Really, when you have a “spare hour,” hear us talk about our passion surrounding music. The whole panel was phenomenal (if I do say so myself). You won’t regret it. My paper “Facing the Music: Radcliffe Bailey, Sun Ra, and the African Diasporic Body” begins around minute 32. A heartfelt THANK YOU to Dr. Therí A. Pickens, who offered her take on our panel in her blog post, “Scholar Fierce: Doing Dilettante as a Scholar.” Dr. Pickens gracious remarks include:

During this panel, I felt like I learned some pretty basic stuff about jazz (how to listen), black figures in classical music, and how to read art (whether sung or materially crafted). In those moments, worlds opened up. I don’t want to overstate the case by saying that the earth moved. However, the tectonic plates of knowledge I have (which tend to move slowly) quaked and changed the terrain of my knowledge… just a bit. (Girl, thanks, for real!)

C’mon, now. THAT has to convince you to watch. For other recordings from the Black Portraiture{s} II conference, please visit the Black Portraitures website.

My next post will feature photos from BLACKNESS IN THE PUBLIC SPHERE: A DARK ROOM ROUNDTABLE at Black Portraitures II.

Even if you don’t have a full hour (and twelve minutes), here is a two-minute video of Imani singing from my perspective on the stage. I had to follow Imani Uzuris singing performance, so it took me a moment to gather myself.  She’s amazing. Enjoy!

FEMINISMS UNBOUND @ MIT – The Dark Room: Race and Gender in the Visual Archive – Feb. 11

The Graduate Consortium of Women’s Studies series “Feminisms Unbound” continues at MIT on February 11 featuring members of The Dark Room: Race and Visual Culture Faculty Seminar: Irene Mata (Wellesley College), Sandy Alexandre (MIT), Marcia Chatelain (Georgetown University), and moderator/co-organizer Kimberly Juanita Brown (Brown University). I’ll talk specifically about Kara Walker’s A Subtlety, the sugar installation at the Domino Factory in Brooklyn from last summer. Join us!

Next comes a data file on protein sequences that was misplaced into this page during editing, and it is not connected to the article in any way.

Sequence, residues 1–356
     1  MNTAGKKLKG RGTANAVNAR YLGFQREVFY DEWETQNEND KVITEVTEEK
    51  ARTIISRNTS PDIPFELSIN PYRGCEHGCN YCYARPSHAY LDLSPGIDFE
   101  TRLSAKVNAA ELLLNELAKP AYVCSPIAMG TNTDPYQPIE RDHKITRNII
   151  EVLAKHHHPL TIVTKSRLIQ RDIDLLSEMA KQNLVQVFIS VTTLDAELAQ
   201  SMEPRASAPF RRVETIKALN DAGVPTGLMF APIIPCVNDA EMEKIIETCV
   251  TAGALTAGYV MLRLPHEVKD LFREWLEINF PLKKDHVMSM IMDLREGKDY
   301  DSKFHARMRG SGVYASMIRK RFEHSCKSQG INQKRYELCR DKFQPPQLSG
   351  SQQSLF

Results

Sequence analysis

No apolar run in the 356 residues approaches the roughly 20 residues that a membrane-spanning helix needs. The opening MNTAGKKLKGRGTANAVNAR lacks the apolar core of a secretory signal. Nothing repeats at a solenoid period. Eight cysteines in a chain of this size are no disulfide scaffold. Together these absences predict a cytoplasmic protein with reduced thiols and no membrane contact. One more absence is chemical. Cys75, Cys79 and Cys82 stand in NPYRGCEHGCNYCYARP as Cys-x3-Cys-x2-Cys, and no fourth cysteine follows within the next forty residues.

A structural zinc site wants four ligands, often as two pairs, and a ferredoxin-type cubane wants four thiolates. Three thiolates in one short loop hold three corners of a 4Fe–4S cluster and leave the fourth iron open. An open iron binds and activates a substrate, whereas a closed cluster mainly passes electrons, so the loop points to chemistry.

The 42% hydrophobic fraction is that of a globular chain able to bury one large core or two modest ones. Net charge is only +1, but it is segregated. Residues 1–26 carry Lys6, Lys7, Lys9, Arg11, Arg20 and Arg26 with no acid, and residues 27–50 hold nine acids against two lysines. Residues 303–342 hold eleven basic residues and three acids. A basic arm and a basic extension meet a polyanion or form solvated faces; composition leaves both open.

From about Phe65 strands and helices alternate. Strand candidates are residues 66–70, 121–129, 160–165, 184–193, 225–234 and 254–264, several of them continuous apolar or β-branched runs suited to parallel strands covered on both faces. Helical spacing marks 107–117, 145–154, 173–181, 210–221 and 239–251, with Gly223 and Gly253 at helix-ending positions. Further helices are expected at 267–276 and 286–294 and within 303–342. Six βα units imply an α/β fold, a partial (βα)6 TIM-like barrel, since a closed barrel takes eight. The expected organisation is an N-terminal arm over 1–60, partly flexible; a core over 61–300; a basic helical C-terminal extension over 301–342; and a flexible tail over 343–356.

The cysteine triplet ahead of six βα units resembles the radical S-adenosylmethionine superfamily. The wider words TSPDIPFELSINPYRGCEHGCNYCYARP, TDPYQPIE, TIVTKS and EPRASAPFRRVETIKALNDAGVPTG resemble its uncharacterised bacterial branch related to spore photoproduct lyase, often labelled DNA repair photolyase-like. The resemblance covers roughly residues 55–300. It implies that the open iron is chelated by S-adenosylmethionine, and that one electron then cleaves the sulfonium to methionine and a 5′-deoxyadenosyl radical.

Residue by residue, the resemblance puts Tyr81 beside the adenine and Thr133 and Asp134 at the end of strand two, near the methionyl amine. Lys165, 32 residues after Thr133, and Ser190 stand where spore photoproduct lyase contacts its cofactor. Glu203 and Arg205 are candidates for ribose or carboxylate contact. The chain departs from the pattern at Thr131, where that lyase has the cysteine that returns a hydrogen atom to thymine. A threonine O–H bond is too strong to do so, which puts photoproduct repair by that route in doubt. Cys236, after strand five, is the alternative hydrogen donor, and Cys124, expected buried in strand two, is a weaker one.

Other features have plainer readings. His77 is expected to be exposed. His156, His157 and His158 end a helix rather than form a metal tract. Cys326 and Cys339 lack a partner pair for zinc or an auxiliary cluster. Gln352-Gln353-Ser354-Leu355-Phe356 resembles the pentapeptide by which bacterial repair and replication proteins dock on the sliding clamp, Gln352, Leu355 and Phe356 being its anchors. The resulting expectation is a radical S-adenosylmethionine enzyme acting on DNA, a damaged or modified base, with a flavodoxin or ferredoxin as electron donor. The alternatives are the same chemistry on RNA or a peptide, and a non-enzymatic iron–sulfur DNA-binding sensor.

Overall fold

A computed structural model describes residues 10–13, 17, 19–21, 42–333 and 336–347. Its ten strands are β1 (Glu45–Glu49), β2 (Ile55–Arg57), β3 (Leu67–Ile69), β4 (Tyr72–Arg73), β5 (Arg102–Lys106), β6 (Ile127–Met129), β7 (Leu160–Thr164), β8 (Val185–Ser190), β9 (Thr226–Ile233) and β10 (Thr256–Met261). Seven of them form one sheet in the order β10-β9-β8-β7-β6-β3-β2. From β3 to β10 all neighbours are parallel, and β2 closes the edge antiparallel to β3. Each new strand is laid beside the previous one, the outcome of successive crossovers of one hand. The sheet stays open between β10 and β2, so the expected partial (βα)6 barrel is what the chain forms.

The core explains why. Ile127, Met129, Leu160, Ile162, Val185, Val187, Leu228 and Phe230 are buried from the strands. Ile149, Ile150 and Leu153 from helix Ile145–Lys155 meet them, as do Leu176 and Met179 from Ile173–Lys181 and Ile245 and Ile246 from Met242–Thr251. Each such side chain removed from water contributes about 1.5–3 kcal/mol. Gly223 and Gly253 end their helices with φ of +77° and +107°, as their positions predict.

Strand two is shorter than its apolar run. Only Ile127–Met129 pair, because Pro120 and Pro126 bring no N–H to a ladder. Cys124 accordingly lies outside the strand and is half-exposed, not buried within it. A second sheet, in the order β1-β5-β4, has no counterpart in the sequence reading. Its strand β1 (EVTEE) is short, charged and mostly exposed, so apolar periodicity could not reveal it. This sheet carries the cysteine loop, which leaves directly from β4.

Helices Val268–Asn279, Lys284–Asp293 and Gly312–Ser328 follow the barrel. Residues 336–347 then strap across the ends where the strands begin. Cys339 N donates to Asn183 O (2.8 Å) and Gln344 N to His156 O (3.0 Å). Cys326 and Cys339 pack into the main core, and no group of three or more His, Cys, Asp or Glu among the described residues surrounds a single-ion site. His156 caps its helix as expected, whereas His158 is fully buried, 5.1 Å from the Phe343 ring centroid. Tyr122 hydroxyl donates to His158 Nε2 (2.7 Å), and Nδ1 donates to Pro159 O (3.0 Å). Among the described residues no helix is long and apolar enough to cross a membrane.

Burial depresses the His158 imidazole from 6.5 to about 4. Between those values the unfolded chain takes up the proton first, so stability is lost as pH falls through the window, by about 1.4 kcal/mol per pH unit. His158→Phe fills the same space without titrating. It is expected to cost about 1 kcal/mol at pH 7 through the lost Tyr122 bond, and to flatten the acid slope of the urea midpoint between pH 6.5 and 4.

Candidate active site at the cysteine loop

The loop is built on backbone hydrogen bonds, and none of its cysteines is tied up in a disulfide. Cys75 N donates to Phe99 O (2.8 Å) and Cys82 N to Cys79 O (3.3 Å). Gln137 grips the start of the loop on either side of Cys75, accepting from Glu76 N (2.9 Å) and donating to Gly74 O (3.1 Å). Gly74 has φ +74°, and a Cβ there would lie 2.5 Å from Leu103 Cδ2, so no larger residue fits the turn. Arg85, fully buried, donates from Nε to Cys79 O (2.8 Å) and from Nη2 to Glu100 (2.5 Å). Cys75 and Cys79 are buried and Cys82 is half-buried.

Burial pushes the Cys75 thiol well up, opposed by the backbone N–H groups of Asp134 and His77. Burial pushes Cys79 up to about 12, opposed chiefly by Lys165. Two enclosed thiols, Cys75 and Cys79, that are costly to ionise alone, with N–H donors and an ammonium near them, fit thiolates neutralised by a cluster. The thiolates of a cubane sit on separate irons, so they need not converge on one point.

Mammy in waiting
Kara Walker’s “A Subtlety…”(July 2014).  Photo by Nikki A. Greene.
The Dark Room: Race and Gender in the Visual Archive
Wednesday, February 11th: 5:30 – 7:30 PM
Location: The Moore Room, Building 6 Room 321

In the intellectual tributary that is critical race theory, all is connected.  Whether the task is elucidating the gendered trajectory of imperialism and violence in the United States, examining indigenous art forms in Latin America, or probing the interstices of Caribbean cultural production in the 20th century, critical race theorists have always engaged the world of the visual.  Bringing together scholars invested in the work of critical race studies as visual culture offers a unique vantage point through which to imagine the future of visual culture studies. The Dark Room is an interdisciplinary working group of scholars interested in theories of visuality and theories of racial formation.   In this roundtable each feminist scholar will select an image and interpret it in relation to its archive.

 

“Esperanza Spalding, a portrait” by Bo Gehring is Black Gold

Esperanza Spalding is not the kind of celebrity that the public searches for scathing beach shots or rumors of affairs. She’s made her mark on the music industry being the kind of thoughtful, extremely talented singer, songwriter and musician with which we wish the pop charts could be filled. In Bo Gehring’s Esperanza Spalding, a portrait (2014), she’s adorned, but not flashy. There are no tell-tell signs of luxury from the world’s top designers–no Versace gown or Louboutin shoes. Spalding carefully chose her look with sustainable materials and craftsmanship in mind. As the National Portrait Gallery states in its press release of this commissioned video portrait:

For the sitting, Spalding wore jewelry from Red Earth Trading Co. Her skirt is by Tara St. James of Study, a New York-based ethical brand using sustainable materials, and the dress under the skirt is from Tamara Horton of Studio Samuel, a small company that goes to Ethiopia to teach women to sew. The shoes are from What’s More Alive Than You, an Italian company that makes high heels out of old tables.

The architectural foundation of the wooden shoes, the twinkling gold rings, and the metallic layering of those beautiful fabrics present Spalding with the refinement of a woman so self-possessed that she shines.

With this kind of careful intentionality in displaying not only herself but also the work of others (you can literally see the different kinds of stitching used by the seamstresses), how did Washington Post art critic Philip Kennicott arrive at this closing sentence in “Esperanza Spalding: Up Close but Not Personal”?